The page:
Parris Island Bridge: Locals refer to the Russell Bell Bridge as the Parris Island Bridge. It's the bridge over Battery Creek in Port Royal, at the entrance to Parris Island Marine Corps Recruit Depot.
The Point: The Point is a historic part of downtown Beaufort at the end of Bay Street. If you see the cannons along the water next to the Woods Memorial Bridge, you're in the Point.
The new bridge: Locals refer to the McTeer Bridge connecting Port Royal and Lady's Island as the "new bridge". It was built in the early 1980s. It's new.
Geechie: Another name for the Gullah people, and the Gullah language. See above.
Frogmore International Airport: If someone says "Frogmore International Airport", they're referring to the Beaufort County Airport on Lady's Island. They'll also call it the Lady's Island airport. There is no such thing as Frogmore International Airport. Folks are just making fun of the smallness of the size of the airport, and probably the overall smallness of the small town size of the Beaufort area.
Island time: It's a phrase used by locals to account for their tendency to be leisurely.
Slowcountry: Another word for the Lowcountry. See Island time, above.
Frogmore: Frogmore is the name of the tiny village at the intersection of Sea Island Parkway and Martin Luther King, Jr. Blvd. on St. Helena Island.
The Waterfront: The waterfront is another term for the expansive Henry C. Chambers Waterfront Park in downtown Beaufort.
The Sands: The Sands is a short stretch of beach in Port Royal that’s popular with the locals. You can drive your vehicle from the main road right up on the sand to your spot and it's also a fantastic place to search for sharks teeth.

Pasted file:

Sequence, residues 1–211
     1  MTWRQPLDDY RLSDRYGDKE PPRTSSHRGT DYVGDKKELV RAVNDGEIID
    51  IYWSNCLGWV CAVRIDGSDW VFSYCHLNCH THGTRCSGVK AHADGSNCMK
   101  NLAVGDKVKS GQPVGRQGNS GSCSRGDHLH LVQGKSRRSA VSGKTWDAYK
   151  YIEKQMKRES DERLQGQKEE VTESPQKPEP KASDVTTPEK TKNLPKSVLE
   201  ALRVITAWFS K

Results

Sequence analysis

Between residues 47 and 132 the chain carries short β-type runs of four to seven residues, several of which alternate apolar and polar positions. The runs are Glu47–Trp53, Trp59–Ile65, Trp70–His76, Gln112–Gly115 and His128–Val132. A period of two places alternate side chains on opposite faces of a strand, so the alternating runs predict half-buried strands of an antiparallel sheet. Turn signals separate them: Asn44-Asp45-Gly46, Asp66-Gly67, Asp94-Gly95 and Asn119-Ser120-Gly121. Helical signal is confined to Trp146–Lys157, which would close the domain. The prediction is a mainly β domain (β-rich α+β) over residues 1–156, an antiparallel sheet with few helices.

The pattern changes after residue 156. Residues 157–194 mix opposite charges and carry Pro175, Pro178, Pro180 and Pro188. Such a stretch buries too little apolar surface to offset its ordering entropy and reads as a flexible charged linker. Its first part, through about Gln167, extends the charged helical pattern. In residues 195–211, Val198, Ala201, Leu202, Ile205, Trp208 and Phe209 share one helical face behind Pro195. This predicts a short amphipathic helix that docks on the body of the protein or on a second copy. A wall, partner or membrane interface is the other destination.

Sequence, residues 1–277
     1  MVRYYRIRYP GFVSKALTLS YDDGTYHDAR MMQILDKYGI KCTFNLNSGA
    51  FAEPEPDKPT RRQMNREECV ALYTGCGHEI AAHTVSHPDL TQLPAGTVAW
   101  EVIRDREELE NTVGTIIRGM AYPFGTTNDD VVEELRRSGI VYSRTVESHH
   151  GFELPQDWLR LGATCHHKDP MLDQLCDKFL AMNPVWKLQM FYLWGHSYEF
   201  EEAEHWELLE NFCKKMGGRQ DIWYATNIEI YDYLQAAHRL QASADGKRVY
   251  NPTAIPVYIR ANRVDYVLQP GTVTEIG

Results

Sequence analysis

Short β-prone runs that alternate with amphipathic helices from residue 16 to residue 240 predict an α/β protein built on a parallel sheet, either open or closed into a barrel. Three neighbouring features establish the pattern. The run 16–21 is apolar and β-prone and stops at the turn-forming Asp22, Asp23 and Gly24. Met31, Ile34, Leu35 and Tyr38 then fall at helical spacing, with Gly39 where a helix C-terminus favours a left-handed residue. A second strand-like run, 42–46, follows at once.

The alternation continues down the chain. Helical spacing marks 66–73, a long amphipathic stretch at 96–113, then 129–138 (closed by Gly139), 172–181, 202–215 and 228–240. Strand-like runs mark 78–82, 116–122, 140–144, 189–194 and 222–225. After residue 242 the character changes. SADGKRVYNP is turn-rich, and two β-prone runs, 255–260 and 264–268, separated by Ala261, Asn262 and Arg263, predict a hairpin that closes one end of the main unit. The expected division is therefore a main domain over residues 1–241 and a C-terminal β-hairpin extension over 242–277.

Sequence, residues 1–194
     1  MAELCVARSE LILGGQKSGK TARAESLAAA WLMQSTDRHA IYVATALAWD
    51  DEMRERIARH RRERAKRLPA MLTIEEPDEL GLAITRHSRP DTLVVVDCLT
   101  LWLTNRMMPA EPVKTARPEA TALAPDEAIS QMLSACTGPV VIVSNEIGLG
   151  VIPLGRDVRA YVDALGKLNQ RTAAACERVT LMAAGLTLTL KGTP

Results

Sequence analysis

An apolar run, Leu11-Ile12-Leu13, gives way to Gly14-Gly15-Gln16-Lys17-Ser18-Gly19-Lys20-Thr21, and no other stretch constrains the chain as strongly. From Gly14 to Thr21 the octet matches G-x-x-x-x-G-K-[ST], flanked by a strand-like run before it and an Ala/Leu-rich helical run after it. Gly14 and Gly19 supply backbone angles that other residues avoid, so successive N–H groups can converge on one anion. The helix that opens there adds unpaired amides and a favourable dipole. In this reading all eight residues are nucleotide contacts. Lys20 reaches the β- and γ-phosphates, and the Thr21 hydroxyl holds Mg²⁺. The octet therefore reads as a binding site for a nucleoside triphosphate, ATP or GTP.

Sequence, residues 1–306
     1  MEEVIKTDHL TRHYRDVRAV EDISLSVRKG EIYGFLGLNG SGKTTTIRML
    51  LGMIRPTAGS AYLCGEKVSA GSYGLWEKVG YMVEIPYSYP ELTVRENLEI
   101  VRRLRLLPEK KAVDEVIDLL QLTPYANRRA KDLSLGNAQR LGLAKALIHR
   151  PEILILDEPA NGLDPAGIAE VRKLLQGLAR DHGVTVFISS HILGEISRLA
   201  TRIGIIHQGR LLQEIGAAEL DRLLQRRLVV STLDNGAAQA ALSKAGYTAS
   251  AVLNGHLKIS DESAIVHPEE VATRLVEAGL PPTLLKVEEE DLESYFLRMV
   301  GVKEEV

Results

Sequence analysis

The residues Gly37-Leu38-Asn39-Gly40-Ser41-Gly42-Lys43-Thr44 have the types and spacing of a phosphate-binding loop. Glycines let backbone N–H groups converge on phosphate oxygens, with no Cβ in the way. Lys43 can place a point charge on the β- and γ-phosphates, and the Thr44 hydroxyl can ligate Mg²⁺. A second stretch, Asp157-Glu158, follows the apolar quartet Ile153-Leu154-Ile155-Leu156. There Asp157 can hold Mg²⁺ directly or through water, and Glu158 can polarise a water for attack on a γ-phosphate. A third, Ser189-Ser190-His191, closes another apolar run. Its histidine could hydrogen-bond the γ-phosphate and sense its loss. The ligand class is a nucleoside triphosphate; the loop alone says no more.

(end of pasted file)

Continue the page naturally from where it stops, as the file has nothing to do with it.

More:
The Island: When someone says "the Island", they’re referring to St. Helena Island. At some 68 square miles, it's the largest of our local sea islands.
Tabby: Tabby is a concrete made from lime, sand and oyster shells. It was used here in Beaufort to build in the 1600s and 1700s and you can still see it in our historic buildings today.
Fripper: Somebody who lives on, or very frequently vacations on, Fripp Island.
Of course, these are just a few local terms that you will run into on a near daily basis here in Beaufort.
We're glad we could help take the edge off of some of the culture shock you may experience after relocating to Beaufort SC from up North or from the big city.
We can also help you find your forever home here in the Lowcountry, or to buy your 2nd home here. Call us at 843-521-2121 and one of our experienced agents can help you become a Beaufort local.
Latest Blog Posts
The time everyone has been waiting for has arrived. The Annual Beaufort Water Festival returns to downtown Beaufort SC this upcoming weekend, and folks from all over are gearing up for a couple
More accolades have arrived in Beaufort SC, as our lovely little town by the sea was just named on the list of 27 Most Beautiful Towns in America by popular luxury and lifestyle magazine, Conde Nast
That's right. Archaeologists believe there may be a 17th century Scottish settlement hidden in the Earth beneath present-day downtown Beaufort, SC.That’s the mystery that archaeologists hope